9/11 Responders Get Treatment for Cancers

     WASHINGTON (CN) – The World Trade Center Health Program has added dozens of cancers to the list of covered health conditions after a 2011 study showed an increase in cancer rates for first responders and survivors of the World Trade Center catastrophe, according to a Department of Health and Human Services rule.
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     The results of the epidemiologic study by Rachel Zeig-Owens and colleagues led to a petition to add cancer to the list, and after the program’s Scientific/Technical Advisory Committee recommended that certain types of cancer be added, the administrator of the program developed a method for determining which cancers to propose for inclusion, the action says.
     The list of added cancers includes “malignant neoplasms” of the mouth, larynx, esophagus, stomach, colon, liver, heart, respiratory system, skin, some reproductive organs, kidney, urinary organs, blood, and lymph tissues, as well as mesothelioma, some childhood cancers and rare cancers.
     “For an individual enrolled as a WTC responder or survivor to obtain coverage for treatment of any health condition on the List of WTC-Related Health Conditions, including any type of cancer added to the list, a two-step process must be satisfied,” the action states. A physician in the nationwide provider network must make a determination that the cancer is both on the list and that exposure from the Sept. 11, 2001 attacks is “substantially likely to be a significant factor in aggravating, contributing to, or causing the type of cancer for which the responder or survivor seeks treatment coverage,” the regulation notes.
     The physician’s determination is to be based on an assessment of the exposure, the type of symptoms reported and the sequence of those symptoms. Physician determinations also must be reviewed by the administrator and certified for treatment coverage, so the inclusion of a condition on the list does not guarantee that a particular individual’s condition will be certified as eligible for treatment, according to the action. Responders and survivors have a right to appeal the denial of certification.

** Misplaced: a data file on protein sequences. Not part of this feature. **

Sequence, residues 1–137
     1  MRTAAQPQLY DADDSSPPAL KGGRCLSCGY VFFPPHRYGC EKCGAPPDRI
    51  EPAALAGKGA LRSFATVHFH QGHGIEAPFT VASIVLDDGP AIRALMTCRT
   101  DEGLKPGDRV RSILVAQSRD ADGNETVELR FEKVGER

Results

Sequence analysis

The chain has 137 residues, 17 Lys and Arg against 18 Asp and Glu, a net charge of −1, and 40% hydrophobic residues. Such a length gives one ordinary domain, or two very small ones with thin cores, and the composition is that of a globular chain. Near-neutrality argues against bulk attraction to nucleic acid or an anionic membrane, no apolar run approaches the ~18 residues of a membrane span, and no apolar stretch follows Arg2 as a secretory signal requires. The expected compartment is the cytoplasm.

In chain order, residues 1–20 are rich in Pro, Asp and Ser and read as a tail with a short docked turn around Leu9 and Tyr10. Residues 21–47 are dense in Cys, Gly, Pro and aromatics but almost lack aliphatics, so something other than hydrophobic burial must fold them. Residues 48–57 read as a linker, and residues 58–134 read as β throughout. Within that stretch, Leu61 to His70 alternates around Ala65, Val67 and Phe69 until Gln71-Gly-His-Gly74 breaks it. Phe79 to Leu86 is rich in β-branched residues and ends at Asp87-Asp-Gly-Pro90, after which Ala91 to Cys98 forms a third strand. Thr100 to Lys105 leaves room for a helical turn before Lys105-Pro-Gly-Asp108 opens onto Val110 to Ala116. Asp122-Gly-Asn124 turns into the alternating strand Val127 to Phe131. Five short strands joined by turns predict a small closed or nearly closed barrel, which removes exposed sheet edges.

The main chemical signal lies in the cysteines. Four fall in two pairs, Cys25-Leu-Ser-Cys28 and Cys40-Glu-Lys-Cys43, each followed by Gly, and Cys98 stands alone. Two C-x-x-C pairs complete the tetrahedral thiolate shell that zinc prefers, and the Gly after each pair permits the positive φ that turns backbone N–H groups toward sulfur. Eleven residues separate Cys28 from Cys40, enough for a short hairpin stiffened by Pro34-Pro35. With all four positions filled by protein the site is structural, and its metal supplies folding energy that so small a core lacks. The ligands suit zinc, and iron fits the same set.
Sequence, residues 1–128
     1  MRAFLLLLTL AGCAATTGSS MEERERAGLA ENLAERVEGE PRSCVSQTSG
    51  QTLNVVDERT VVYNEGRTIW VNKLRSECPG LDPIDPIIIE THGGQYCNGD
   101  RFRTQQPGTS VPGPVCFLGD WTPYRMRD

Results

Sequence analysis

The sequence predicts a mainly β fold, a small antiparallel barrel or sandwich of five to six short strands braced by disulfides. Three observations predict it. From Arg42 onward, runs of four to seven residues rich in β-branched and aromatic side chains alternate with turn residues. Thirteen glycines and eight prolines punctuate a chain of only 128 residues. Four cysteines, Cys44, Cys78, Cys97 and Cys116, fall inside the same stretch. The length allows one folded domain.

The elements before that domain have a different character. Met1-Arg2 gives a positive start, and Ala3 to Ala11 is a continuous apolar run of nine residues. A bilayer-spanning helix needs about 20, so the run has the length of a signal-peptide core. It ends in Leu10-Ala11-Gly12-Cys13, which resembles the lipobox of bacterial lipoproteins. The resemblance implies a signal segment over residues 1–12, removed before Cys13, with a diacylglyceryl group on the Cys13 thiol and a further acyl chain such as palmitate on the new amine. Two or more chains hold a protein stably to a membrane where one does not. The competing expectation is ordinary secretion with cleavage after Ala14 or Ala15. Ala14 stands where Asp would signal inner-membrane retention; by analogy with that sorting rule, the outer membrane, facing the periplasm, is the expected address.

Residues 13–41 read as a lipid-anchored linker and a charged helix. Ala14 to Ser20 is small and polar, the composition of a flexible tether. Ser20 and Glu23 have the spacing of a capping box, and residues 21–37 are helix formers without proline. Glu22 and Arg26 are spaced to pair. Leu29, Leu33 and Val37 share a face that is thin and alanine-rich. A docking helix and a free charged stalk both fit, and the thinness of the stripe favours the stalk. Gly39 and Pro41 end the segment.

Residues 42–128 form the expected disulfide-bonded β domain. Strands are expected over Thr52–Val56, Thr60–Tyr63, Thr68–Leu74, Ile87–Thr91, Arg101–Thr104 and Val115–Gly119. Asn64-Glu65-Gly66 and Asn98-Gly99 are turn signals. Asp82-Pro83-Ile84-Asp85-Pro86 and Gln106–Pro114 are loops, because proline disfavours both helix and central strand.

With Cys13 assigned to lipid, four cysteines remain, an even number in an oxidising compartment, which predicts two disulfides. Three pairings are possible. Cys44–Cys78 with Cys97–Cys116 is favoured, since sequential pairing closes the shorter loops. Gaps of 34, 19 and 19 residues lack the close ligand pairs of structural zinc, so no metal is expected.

The criteria used to evaluate the causal relationship is based on the strength of the association between a 9/11 exposure and a health effect, consistency of the findings across multiple studies, “dose-response relationships between 9/11 exposures and the cancer type,” and known facts about the biology of the cancer type, the regulation states.
     Currently, approximately 55,000 New York City responders and 5,000 survivors are enrolled in the WTC Health Program, with a cap of 25,000 additional responders and 25,000 additional survivors that could be added in the future, according to the action. The program was established by the James Zadroga 9/11 Health and Compensation Act of 2010, and is administered by the Director of the National Institute for Occupational Safety and Health within the Center for Disease Control and Prevention.

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